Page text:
MB: More bluster from Ahmadinejad. I mean clearly, he is a leader who is prone to extremist rhetoric, who is in the throes of this millenarian religious ideology, and who is hell bent on having Iran go nuclear, and ultimately wind up eradicating the state of Israel. I mean, that’s what we know about him, based on his public statements and his actions. The question is what are we going to do about it? And the Obama administration’s overtures to the Iranian leadership have been rudely rebuffed, and the Obama folks that promised that there would be “serious consequences” forthcoming, but I have yet to see any of those consequences. And part of that has to do with the fact that they thought that they could charm Russia and China into signing up for serious Iran sanctions at the U.N. Security Council. And again, that’s another foolish illusion they came into office with, which they have been rudely disabused of by the reality they have found in the past year.
HH: Now what about the idea that we are sending a lot of missile defense to the region? Does that indicate a level of fear about Iran’s willingness to initiate attacks that did not previously exist? Or is it a continuation of long standing deterrent policies?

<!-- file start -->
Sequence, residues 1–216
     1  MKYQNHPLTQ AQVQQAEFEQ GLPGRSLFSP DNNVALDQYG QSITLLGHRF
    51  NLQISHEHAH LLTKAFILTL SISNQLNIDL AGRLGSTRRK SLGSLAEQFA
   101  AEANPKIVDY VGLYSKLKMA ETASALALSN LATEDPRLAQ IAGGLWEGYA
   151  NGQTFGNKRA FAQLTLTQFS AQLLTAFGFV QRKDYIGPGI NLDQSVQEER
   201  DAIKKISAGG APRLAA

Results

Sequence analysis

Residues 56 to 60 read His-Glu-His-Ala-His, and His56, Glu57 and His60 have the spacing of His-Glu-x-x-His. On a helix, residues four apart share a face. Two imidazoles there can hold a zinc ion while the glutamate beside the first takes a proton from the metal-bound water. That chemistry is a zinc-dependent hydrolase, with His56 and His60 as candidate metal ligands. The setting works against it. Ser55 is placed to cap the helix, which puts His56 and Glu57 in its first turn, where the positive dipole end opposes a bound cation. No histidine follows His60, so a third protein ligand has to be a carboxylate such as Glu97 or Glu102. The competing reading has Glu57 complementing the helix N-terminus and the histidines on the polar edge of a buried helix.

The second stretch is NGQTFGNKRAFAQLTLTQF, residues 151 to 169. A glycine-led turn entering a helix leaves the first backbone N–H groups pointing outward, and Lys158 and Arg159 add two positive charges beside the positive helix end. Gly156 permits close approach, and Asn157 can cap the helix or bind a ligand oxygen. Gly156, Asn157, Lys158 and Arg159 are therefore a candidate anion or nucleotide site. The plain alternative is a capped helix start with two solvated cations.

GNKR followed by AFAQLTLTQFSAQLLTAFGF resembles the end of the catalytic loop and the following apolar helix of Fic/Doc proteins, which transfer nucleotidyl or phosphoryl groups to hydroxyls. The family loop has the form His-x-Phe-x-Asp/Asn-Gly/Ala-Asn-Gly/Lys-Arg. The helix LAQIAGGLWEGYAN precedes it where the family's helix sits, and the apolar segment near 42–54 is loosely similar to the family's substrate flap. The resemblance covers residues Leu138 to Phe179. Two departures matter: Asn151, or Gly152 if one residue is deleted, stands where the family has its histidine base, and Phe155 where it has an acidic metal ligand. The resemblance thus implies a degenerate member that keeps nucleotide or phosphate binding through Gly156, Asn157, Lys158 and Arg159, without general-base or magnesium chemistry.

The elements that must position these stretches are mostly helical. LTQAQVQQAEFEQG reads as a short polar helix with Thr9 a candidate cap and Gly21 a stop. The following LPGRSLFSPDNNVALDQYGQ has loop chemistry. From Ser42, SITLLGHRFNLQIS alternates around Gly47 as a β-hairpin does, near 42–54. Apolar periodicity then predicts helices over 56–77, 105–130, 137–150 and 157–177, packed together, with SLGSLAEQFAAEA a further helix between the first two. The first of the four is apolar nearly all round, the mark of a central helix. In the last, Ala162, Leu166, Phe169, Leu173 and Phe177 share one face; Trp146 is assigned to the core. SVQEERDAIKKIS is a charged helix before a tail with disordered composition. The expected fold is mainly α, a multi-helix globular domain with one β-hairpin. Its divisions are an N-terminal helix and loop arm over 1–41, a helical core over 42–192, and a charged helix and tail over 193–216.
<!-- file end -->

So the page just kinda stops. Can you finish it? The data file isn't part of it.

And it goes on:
MB: It may be an attempt to send a signal to Iran, but it’s not clear what that signal is, because it could be interpreted either as a warning that we will not tolerate Iran going nuclear, or conversely, it could be interpreted as preparations for dealing with a nuclear Iran, and trying to contain a nuclear Iran. It’s hard to know which it actually is. In either case, it’s hardly a substitute for the kind of tough sanctions that are necessary to really punish Iran for its nuclear weapons program, and also for, it’s not a substitute for really backing the Green movement, which is ultimately the best way to deal with the Iranian nuclear program, by trying to encourage and help the people of Iran to change their own regime.
HH: All right, last question takes us to China. There is a great deal of tension between the United States and China right now, some of it launched by the Google attempts, and the other one by the Taiwan weapons sale. What do you think is going on? How serious are these noises coming out of China about our debt?
MB: Well, I have to give the Obama administration some belated credit here, because you know, during their first year in office, they were really kowtowing to Beijing. And Obama’s trip to China in the fall was really a disgrace, because he refused to speak about human rights. He refused to address the Chinese people in an uncensored setting. And he really did everything he could to try to kowtow to the Chinese leadership, but he saw that was getting him nowhere. He was embarrassed by the Chinese leaders at the Copenhagen global warming summit, and now belatedly, the administration is starting to push back a little bit with the arms sales to Taiwan, the internet freedom doctrine enunciated by Hillary Clinton, and the meeting with the Dalai Lama the president is going to have. I think those are long overdue signs of backbone in this administration, and we need to see more of that in other parts of the world, including Iran.
HH: Max Boot from the Council of Foreign Relations, thank you, Max, always a pleasure talking to you.
End of interview.